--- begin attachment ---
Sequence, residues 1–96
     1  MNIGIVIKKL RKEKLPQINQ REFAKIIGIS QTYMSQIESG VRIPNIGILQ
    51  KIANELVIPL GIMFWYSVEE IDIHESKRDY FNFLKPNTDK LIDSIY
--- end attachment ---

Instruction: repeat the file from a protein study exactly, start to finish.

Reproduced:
Sequence, residues 1–96
     1  MNIGIVIKKL RKEKLPQINQ REFAKIIGIS QTYMSQIESG VRIPNIGILQ
    51  KIANELVIPL GIMFWYSVEE IDIHESKRDY FNFLKPNTDK LIDSIY